Links are very powerful rankings signals to Google and one factor that they look at when considering trust, credibility and authority of a certain page or website. They see how others linked to you, what pages did they link to, and what type of websites are referencing your content.
Let’s be honest, building links for your own blog is a crucial task. It’s one of the hardest aspects of search engine optimization and the main thing that separates successful blogs from mediocre ones.
Through link building, you’ll be able to enlarge your audience, help your site rank for targeted keywords and grow your organic traffic month over month.
Today, let ‘s walk through some ways on how you can build links to your blog, whether you are still planning to start a blog or have been blogging for years now.
ROUND-UP LINK BUILDING
Have you come across a blog post giving you the exact resources you need to read for the week?
These are what we call, “link roundups”.
In every industry, you’ll find bloggers giving you a list of articles, content, ebooks or resources that you can consume for the week or month.
Within just a few searches you will already have your initial list of link opportunities.
Take note that not all of them use the exact phrase, “link roundups”, some bloggers in various industries are utilize weird terms, “link party”, “link love”, “link up” and “blog hops”. Add your industry to your search phrase, for example “link party” “industry” and put all blogs with regular round-ups to your list.
Another thing to keep in mind here is to check whether those bloggers are regularly updating their link round-ups.
Low or high domain authority blogs will work for this link building tactic, as long as they are real blogs and publishing great content regularly. Sooner or later, those with low DA will have some authority in place.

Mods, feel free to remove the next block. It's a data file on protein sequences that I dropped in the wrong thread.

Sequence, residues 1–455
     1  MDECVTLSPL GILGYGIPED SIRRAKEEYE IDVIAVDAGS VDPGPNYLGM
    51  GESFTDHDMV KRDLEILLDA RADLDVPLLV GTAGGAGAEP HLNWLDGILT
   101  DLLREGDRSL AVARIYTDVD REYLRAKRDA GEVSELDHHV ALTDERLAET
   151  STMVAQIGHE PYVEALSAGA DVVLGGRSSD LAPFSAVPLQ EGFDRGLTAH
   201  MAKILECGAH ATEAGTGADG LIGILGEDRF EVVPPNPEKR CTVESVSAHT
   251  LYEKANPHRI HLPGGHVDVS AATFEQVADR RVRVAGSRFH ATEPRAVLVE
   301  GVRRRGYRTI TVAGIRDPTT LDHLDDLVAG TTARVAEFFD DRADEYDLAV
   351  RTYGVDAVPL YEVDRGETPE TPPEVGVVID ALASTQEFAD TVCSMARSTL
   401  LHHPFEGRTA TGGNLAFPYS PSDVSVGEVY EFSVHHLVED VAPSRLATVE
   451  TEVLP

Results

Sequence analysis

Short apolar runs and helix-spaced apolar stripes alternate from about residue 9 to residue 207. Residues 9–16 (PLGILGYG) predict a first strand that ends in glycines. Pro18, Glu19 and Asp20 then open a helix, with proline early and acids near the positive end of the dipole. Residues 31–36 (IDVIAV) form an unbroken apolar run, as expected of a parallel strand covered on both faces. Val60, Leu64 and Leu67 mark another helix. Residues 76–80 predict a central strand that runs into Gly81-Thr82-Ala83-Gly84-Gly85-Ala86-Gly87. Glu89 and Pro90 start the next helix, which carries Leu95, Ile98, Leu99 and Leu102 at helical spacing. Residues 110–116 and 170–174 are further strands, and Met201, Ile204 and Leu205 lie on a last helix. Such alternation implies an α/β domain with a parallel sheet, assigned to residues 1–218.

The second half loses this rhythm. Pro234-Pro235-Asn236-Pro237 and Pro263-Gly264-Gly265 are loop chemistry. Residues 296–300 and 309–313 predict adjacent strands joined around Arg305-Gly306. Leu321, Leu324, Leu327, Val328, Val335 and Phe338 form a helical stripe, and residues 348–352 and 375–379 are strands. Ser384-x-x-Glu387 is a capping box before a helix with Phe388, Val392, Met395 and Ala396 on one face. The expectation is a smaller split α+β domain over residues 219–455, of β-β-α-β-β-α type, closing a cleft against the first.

Don’t dare to reach out to these bloggers without proper content in place. Some of them are strict with the quality of blog posts they want to link to from their link roundups.
RESOURCE PAGE LINK BUILDING
There are many resource curators on the web, most of which come from non-commercial websites like .org and .edu sites.
When I say resource curators, these are the ones who will make your content go viral by sharing it to their followers, but their main purpose in the content environment is to link to a particular resource they’ve found useful.
Even if you only get a few links from these sites, they’re really powerful links that can pass authority to your content, so aiming to acquire resource page links should be in any blogger’s link building toolbox.
To get started with this, you need to search for relevant queries that will reveal profitable resource page opportunities.
Use any of these terms below plus your industry keyword:
- Intitle:links “keyword”
- Intitle:sites “keyword” ~guide ~resource
- Intitle:resources “keyword”
- “useful links” OR “useful sites” OR “useful resources” OR “useful websites” “keyword”
- “helpful links” OR “suggested sites” OR “suggested resources” “keyword”